British oil giant BP said Wednesday the U.S. Environmental Protection Agency (EPA)'s decision to temporarily suspend it from getting new contracts with the U.S. government only affects the company's future potential contracts and does not affect existing contracts it has with the U. S. government.
The EPA announced Wednesday that BP has been temporarily suspended from getting new contracts with the federal government, a move that could put billions of dollars at stake, as a result of BP's devastating oil spill in the Gulf of Mexico in 2010.
The EPA said in a statement that it is taking the action because of "BP's lack of business integrity as demonstrated by the company's conduct with regard to the Deepwater Horizon blowout, explosion, oil spill, and response."
The agency also cited the felony manslaughter and other charges filed against the company by the Justice Department on Nov. 15.
"The temporary suspension does not affect any existing contracts the company has with the U.S. government, including those relating to current and ongoing drilling and production operations in the Gulf of Mexico," BP said in a statement on Wednesday.
The EPA's action is pursuant to administrative procedures providing for discretionary suspension until a company can demonstrate "present responsibility" to conduct business with the U.S. government, BP said.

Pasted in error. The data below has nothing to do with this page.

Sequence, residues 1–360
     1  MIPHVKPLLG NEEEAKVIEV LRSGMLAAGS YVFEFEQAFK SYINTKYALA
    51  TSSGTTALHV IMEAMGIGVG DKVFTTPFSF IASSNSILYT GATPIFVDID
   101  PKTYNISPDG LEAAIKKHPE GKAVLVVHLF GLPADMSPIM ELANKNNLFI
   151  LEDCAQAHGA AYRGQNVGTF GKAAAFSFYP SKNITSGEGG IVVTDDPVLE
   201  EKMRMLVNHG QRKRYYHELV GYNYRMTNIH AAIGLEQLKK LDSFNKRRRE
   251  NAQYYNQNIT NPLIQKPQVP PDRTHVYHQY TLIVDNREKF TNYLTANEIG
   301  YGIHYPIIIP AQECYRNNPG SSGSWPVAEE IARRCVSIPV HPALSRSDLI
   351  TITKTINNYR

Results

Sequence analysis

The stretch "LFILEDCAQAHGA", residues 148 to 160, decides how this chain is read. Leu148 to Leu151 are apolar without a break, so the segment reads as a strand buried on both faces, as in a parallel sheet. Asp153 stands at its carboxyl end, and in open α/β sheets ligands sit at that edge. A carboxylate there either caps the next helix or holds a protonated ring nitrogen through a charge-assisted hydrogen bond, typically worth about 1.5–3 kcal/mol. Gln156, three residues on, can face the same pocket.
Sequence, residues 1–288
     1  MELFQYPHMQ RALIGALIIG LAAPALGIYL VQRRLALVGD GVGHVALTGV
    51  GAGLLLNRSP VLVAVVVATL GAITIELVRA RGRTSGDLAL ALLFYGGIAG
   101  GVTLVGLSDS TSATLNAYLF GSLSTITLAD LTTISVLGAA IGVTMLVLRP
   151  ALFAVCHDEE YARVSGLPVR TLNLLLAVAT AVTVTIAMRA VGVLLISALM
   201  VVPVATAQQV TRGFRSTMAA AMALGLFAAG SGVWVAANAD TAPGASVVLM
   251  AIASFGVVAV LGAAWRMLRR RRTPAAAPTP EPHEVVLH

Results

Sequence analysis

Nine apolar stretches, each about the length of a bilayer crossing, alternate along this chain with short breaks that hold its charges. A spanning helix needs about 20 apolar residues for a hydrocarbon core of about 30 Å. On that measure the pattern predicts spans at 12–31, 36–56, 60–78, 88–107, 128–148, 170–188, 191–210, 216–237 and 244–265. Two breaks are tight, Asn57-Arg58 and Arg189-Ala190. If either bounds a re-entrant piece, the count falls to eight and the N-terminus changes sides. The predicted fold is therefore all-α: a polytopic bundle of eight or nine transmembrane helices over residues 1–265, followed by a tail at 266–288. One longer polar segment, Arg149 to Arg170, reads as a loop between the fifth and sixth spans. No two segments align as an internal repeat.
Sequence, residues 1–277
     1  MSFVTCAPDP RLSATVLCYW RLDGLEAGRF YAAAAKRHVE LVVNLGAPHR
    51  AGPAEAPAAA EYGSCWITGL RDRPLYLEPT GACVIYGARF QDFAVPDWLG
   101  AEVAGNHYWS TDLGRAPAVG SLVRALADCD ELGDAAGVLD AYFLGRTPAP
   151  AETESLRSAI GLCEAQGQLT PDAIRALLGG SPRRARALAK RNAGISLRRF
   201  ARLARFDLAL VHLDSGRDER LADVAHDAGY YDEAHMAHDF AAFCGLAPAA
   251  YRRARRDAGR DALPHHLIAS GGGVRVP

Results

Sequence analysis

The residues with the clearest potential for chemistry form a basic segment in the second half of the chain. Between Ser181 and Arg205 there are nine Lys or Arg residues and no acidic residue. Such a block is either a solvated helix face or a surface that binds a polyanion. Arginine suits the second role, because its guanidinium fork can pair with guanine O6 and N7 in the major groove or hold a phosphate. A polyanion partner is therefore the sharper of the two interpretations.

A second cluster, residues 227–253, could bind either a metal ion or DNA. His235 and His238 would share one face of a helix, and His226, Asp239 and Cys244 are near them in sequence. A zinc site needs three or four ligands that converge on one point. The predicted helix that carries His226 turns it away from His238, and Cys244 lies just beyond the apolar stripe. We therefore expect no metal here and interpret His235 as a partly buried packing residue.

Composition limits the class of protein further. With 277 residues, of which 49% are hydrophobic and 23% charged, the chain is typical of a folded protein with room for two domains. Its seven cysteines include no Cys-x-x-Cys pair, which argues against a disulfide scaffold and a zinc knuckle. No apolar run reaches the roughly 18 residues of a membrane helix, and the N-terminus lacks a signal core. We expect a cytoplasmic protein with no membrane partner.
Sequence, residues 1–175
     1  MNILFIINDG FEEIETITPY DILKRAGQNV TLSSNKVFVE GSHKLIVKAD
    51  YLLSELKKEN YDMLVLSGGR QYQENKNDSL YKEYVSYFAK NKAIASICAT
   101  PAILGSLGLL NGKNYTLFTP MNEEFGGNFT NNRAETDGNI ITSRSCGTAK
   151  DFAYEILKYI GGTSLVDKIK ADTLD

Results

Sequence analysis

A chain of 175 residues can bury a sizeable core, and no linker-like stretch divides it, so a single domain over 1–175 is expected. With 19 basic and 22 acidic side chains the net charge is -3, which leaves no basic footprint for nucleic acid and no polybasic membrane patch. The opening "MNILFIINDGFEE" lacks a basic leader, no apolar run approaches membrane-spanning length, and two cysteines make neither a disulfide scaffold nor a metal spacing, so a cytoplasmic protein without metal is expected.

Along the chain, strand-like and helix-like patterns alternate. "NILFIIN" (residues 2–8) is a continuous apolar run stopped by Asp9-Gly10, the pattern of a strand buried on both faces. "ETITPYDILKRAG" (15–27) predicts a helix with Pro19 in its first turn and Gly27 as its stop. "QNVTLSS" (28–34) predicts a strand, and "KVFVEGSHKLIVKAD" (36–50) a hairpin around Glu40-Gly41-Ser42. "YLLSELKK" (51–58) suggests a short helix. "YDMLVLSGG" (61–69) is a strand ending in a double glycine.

BP said in the statement that EPA has informed the company that it is preparing a proposed administrative agreement that, if agreed upon, would effectively resolve and lift the temporary suspension."
The EPA notified BP that such a draft agreement would be available soon," BP said.
The suspension will temporarily prevent BP and certain affiliates from getting new federal government contracts, grants or other covered transactions until the company can provide sufficient evidence to EPA demonstrating that it meets federal business standards, the EPA said.
The EPA's move will affect at least some of BP's activity on the outer continental shelf, where it is among the largest oil and gas producers, according to analysts.
Thought it was not immediately clear exactly how much money was at stake for BP, analysts said the EPA move could be a significant blow to BP, depending on how long the suspension lasts.
BP entered a not-guilty plea in the federal court in New Orleans on Tuesday as a procedural move. A BP lawyer reiterated the company's plan to plead guilty at a later date as part of a 4. 5-billion-dollar settlement with the U.S. government.